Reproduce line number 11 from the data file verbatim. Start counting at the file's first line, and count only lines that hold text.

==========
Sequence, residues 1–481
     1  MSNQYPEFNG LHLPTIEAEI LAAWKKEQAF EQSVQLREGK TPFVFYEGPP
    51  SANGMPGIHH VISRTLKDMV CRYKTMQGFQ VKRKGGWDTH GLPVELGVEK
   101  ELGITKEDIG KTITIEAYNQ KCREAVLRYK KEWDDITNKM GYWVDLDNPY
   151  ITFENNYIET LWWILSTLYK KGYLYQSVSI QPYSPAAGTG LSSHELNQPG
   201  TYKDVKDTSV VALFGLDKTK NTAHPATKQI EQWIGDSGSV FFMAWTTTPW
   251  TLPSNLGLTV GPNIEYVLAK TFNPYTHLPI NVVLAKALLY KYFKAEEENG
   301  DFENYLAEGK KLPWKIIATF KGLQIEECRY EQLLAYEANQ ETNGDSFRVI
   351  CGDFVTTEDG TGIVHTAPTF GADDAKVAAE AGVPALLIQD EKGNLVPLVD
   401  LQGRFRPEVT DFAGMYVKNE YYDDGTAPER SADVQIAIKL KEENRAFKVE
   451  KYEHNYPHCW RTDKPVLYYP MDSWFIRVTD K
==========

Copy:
   451  KYEHNYPHCW RTDKPVLYYP MDSWFIRVTD K